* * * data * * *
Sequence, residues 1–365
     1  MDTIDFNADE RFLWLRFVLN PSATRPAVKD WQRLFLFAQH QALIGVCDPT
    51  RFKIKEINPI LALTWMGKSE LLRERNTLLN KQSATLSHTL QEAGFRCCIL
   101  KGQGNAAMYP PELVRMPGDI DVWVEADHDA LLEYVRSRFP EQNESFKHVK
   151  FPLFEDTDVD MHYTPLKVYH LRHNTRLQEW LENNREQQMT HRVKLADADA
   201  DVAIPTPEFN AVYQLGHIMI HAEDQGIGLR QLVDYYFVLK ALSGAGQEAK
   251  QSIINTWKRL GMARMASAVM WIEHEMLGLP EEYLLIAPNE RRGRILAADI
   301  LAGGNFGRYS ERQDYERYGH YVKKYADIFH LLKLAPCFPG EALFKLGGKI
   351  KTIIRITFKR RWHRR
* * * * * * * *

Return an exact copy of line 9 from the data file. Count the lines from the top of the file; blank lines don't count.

   351  KTIIRITFKR RWHRR